Academic journal article American Journal of Pharmaceutical Education

Pharmacy Residencies and Dual Degrees as Complementary or Competitive Advanced Training Opportunities

Academic journal article American Journal of Pharmaceutical Education

Pharmacy Residencies and Dual Degrees as Complementary or Competitive Advanced Training Opportunities

Article excerpt

INTRODUCTION

As health care reform continues to be a central discussion topic in the United States, the potential impact on the pharmacy profession and its future outlook is constantly being assessed. With pharmacist-driven initiatives such as medication therapy management (MTM) services, (1) pharmacy immunization programs, (2) and other health and wellness programs, pharmacists have become more visible as health care providers. This transition from dispensers of medications to providers of clinical knowledge and preventive care services has been reflected in and encouraged by the American Association of Colleges of Pharmacy (AACP) 2004 Center for the Advancement of Pharmaceutical Education (CAPE) educational outcomes. Initiated to further develop the academic curriculum for training pharmacy practitioners, the CAPE outcomes state that future pharmacists must be competent in 3 major areas of practice: pharmaceutical care, system management, and public health. (3) Evidence that these goals are being accomplished is exemplified in the development of MTM services, which are an expansion of the pharmaceutical care foundation of pharmacy practice. (4) Additionally, pharmacists' roles have also expanded in systems management, with the development of pharmacy informatics and medication use systems, as well as in public health, through health education and disease prevention programs. (3)

With the increase in the number of colleges and schools of pharmacy and the easing of the national shortage of pharmacists, both practicing pharmacists and students may be concerned about what the future of pharmacy practice will entail. Because of the national shortage of pharmacists over the last 15 years, there has been expansive growth of pharmacy colleges and schools in the United States. In 2003, there were approximately 87 colleges and schools of pharmacy offering the PharmD degree, as well as other pharmacy-related graduate degrees. (5) As of January 2012, there are 127 PharmD programs with accreditation status in the United States (119 programs with full accreditation or candidate accreditation status, and 8 with pre-candidate accreditation status). (6) Consequently, the number of pharmacy graduates entering the job market each year has increased dramatically.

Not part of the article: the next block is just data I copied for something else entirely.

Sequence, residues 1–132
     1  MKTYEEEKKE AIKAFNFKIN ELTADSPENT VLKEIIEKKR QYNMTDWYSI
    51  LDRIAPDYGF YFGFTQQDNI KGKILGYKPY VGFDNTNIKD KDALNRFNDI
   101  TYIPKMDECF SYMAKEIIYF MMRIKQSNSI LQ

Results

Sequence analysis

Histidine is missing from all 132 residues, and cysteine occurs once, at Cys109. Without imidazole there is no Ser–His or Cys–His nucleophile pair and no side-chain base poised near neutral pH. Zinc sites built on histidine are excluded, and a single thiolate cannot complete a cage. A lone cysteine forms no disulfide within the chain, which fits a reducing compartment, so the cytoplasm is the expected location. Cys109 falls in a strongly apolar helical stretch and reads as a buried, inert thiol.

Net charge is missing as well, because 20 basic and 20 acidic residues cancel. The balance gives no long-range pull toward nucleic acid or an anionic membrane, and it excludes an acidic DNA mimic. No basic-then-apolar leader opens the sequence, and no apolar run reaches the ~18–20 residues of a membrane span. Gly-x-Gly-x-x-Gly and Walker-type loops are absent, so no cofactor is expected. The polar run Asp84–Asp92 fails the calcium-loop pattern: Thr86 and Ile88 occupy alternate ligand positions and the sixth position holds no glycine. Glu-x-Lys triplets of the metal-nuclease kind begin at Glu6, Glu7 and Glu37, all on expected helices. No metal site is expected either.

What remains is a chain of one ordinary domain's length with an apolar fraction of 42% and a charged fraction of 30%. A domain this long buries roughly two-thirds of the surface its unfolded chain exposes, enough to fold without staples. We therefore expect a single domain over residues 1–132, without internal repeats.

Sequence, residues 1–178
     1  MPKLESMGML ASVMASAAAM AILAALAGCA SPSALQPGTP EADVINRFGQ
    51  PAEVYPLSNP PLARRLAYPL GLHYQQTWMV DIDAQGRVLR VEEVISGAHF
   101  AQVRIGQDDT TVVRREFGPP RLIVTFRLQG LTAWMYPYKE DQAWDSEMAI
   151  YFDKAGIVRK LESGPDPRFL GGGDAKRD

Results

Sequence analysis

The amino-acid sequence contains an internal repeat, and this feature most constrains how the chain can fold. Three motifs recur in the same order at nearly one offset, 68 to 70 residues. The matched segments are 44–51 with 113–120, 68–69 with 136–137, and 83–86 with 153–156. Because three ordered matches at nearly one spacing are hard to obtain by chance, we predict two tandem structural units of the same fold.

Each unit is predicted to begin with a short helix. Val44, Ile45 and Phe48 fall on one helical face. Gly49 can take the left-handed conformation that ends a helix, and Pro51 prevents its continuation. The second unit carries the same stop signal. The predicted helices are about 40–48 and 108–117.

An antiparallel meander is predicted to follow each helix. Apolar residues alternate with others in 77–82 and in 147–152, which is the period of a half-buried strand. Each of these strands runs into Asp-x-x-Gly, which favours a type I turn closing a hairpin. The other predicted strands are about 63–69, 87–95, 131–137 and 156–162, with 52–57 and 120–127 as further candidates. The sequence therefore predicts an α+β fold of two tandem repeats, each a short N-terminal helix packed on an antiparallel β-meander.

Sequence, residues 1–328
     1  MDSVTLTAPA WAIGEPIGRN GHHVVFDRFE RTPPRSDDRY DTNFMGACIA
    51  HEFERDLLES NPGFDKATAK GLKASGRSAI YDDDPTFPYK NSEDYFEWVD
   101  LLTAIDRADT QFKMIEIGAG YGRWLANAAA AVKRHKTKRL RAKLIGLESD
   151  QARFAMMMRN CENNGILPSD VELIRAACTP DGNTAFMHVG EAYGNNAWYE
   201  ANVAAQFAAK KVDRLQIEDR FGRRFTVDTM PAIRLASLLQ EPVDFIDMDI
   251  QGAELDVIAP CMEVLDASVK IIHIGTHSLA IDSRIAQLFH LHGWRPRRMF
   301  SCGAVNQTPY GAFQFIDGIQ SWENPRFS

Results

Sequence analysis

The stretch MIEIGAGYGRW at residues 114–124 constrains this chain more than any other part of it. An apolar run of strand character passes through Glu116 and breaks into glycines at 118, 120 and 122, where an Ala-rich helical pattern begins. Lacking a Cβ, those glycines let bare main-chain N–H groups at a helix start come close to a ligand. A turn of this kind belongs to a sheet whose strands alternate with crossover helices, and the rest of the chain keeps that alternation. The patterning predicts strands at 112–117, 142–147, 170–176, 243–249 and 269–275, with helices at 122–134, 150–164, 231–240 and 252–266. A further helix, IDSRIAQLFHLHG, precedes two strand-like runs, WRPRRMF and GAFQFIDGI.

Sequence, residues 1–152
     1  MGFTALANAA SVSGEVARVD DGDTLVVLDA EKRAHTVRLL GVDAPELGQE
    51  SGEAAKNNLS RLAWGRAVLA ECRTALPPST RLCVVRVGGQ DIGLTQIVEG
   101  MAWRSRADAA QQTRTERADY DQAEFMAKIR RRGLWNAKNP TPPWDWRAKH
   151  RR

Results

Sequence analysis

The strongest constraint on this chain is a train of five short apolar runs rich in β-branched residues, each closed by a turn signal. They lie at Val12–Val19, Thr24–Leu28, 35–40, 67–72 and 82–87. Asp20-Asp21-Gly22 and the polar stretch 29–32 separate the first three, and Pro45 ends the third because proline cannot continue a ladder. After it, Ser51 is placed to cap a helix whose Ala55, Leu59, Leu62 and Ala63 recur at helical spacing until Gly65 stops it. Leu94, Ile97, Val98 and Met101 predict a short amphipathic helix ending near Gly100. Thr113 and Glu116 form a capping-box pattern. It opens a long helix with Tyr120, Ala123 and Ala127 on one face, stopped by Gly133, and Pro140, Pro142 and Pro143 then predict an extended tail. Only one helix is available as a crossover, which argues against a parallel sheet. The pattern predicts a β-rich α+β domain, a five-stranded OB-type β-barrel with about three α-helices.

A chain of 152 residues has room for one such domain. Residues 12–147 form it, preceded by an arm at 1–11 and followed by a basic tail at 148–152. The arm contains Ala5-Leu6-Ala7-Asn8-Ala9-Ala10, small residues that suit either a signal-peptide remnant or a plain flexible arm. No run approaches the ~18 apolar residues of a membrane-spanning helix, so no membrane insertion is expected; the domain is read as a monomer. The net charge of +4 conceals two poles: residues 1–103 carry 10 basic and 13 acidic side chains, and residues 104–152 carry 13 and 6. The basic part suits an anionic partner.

Data from the Pharmacy Workforce Center (formerly known as the Pharmacy Manpower Project) provides relevant information on the supply and demand for pharmacists and pharmacy services in the United States. (7) A study examining the change in pharmacist demand over a 10-year period from 1999-2010 using the aggregate demand index (ADI), (8) a monthly state-based survey of the unmet demand for pharmacists, revealed lower demand levels for pharmacists since late 2006, which parallels with the economic downturn in the United States. (9) The study also indicated a significant relationship between the ADI and US unemployment rates, suggesting that an improved economy could result in an increase in pharmacist demand. Despite the slowdown in pharmacist demand, the 2009 National Pharmacist Workforce Survey indicated more pharmacists practicing part-time and working past retirement age, as well as a shift in the pharmacy profession toward providing more patient care services. (10) As a result of the shifts in the demand for pharmacy services, many PharmD students are considering additional training opportunities to differentiate themselves among the increased number of pharmacists entering and remaining in the profession. They also want to contribute to the expanding role of the pharmacist in the dynamically changing health care environment.

As pharmacy transcends from a product-oriented to a patient-centered profession, there is an increased emphasis on clinical pharmacy and other skills important in health care. As a result, postgraduate pharmacy residencies and dual-degree programs have emerged as leading avenues for student pharmacists to consider for obtaining additional training. …

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